Image Credit: FDA

The estimated lifetime risk of BIA-ALCL less than 1%. In February, the American Society of Plastic Surgeons said it was aware of 688 cases of BIA-ALCL worldwide (30 countries), with 17 disease-related deaths. Research indicates that the average time between surgery and BIA-ALCL diagnosis is about 9 years. If diagnosed early and treated properly, ALCL is curable; over 90% of patients are disease-free after 3 years. However, concerns about misdiagnosis were discussed at the FDA meeting, as many health care providers are unfamiliar with the condition and how to identify it. The FDA recently sent a letter to health care providers in an effort to increase awareness. FAQs and patient resources have been developed, as well as information and continuing education for clinicians.

Breast Implant Illness

Breast implant illness (BII) is an umbrella term used to describe a collection of symptoms and illnesses that may be related to breast implants. Affected women experience a variety of issues, including fatigue, brain fog, rashes, joint pain, gastrointestinal issues, and more. Symptoms vary from patient to patient. It is difficult for scientific research to definitively link any of these conditions to implants, as they frequently occur in women without implants—especially those who have undergone cancer treatments. Some women experience immediate relief of their symptoms when their implants are removed, but others don’t.

In some women, these problems may be an autoimmune or allergic response to a foreign object (implants) placed in the body. Currently, there is no established medical definition or diagnostic criteria for BII, but many are calling for better research and informed consent. Women with a personal or family history of autoimmune disease or allergies are encouraged to discuss this with their surgeons when considering breast implants.

Implant Rupture

Implants are not intended to be permanent devices; the typical lifespan ranges from 10-20 years, although they often need to be removed and/or replaced sooner. If an implant tears or develops a hole, it is called a rupture. Ruptures occur in both saline and silicone breast implants. Ruptures usually occur with older implants, but earlier ruptures may develop due to a defect, surgical error, or blunt trauma from a fall or accident.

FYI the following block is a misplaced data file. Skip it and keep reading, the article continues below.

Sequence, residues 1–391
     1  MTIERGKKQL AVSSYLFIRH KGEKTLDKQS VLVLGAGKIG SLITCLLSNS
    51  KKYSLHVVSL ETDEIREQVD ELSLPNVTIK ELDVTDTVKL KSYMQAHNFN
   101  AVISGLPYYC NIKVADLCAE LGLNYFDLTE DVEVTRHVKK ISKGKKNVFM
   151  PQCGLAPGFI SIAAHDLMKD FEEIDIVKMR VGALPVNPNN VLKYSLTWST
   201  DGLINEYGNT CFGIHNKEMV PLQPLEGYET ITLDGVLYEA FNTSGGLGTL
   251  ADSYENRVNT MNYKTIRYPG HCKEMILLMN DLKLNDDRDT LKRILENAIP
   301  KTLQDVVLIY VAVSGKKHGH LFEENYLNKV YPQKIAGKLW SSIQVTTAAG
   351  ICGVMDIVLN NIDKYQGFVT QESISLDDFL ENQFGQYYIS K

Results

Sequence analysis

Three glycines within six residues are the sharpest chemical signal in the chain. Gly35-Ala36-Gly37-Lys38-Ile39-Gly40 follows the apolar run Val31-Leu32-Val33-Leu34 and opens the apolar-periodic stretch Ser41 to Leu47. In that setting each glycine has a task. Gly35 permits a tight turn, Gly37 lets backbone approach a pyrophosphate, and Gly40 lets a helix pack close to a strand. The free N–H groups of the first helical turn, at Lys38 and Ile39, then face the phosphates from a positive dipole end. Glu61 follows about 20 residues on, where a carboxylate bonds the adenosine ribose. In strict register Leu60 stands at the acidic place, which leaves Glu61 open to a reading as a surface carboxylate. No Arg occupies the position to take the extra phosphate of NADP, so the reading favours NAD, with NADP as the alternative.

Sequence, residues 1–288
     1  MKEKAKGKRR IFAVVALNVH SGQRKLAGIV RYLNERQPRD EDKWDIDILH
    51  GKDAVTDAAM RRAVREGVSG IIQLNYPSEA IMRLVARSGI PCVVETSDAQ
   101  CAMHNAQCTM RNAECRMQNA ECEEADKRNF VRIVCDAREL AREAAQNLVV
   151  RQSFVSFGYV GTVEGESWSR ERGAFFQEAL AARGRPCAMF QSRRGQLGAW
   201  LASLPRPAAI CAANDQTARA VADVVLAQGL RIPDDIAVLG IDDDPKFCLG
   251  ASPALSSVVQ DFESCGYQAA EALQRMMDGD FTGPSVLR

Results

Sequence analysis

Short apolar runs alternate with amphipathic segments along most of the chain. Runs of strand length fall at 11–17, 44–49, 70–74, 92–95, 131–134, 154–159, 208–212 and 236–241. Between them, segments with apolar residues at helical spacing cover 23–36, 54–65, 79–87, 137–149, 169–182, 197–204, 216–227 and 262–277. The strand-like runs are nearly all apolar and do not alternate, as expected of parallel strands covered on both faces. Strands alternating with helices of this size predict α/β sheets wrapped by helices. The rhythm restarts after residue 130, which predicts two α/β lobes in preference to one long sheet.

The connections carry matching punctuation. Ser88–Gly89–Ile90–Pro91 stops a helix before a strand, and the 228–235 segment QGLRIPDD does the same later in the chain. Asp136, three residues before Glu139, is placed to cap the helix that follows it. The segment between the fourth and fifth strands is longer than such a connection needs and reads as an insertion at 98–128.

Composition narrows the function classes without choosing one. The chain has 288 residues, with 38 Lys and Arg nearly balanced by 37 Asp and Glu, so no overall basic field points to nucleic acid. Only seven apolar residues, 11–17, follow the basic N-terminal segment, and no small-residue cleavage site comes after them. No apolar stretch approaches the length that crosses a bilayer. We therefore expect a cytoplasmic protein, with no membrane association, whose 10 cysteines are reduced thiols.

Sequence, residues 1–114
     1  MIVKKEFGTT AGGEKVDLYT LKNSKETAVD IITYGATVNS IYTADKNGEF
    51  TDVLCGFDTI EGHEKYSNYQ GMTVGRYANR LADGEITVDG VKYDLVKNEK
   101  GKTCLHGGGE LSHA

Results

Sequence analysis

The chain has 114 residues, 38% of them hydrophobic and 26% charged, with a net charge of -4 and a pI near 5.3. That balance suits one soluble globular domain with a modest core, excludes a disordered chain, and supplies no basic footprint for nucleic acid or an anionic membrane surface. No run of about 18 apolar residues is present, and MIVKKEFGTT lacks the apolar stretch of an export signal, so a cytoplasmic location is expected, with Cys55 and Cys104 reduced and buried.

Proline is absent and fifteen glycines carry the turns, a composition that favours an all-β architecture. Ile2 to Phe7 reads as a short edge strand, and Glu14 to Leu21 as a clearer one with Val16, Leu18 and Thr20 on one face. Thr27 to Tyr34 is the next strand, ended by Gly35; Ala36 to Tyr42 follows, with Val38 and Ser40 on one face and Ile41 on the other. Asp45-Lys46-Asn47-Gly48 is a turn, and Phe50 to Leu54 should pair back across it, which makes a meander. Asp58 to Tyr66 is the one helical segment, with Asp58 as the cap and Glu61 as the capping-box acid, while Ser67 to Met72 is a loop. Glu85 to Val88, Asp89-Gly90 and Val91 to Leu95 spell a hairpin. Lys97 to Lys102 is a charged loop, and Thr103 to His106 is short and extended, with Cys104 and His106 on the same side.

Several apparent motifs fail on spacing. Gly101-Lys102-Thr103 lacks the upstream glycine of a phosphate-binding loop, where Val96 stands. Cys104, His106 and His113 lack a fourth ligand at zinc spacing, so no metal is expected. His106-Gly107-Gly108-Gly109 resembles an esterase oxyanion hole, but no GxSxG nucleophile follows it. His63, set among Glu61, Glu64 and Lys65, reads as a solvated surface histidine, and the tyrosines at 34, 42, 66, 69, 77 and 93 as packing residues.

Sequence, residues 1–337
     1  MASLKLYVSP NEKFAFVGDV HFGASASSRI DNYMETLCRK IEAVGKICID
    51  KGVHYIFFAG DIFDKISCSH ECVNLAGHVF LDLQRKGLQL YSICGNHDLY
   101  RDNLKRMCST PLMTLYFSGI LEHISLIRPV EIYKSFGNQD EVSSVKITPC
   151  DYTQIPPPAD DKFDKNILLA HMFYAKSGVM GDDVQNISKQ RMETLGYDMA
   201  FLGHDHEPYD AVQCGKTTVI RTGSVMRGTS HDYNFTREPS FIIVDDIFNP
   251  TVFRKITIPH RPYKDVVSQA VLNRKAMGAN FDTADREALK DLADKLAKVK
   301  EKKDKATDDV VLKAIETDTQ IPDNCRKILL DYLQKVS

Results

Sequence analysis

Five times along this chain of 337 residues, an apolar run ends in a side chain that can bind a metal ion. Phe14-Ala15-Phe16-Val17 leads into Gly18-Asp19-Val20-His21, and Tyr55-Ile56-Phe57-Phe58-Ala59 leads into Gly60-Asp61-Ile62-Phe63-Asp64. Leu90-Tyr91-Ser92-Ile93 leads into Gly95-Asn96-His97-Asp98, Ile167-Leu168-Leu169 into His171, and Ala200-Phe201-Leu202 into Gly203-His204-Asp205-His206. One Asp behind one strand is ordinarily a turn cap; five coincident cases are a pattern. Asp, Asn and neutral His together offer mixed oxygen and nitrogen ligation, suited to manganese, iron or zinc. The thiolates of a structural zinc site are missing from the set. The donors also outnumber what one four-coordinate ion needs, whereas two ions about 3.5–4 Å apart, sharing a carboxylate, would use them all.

Saline implant ruptures are easily identified. The breast rapidly deflates as the saline leaks out. Ruptures in silicone gel implants are more difficult to detect. Some women encounter symptoms, including lumps in the breast, distorted breast shape or asymmetry (different sized or shaped breasts), pain or tenderness. These are “silent ruptures”—women and their doctors may not notice them. Removing and replacing the implant is the only way to fix a rupture.

Experts disagree about the best regimen for monitoring women with breast implants.  In addition to a yearly clinical breast exam, the FDA recommends an MRI three years after implantation and once every other year after that. MRIs are expensive and may not be covered by insurance, so some experts suggest that they should only be used when a rupture is suspected. Other organizations believe that mammograms and/or ultrasound are sufficient for routine screening. This lack of consistency causes confusion, so FORCE encouraged the FDA and other stakeholders to develop consistent guidelines for recommended follow-up care for women with implants.

Surgical Mesh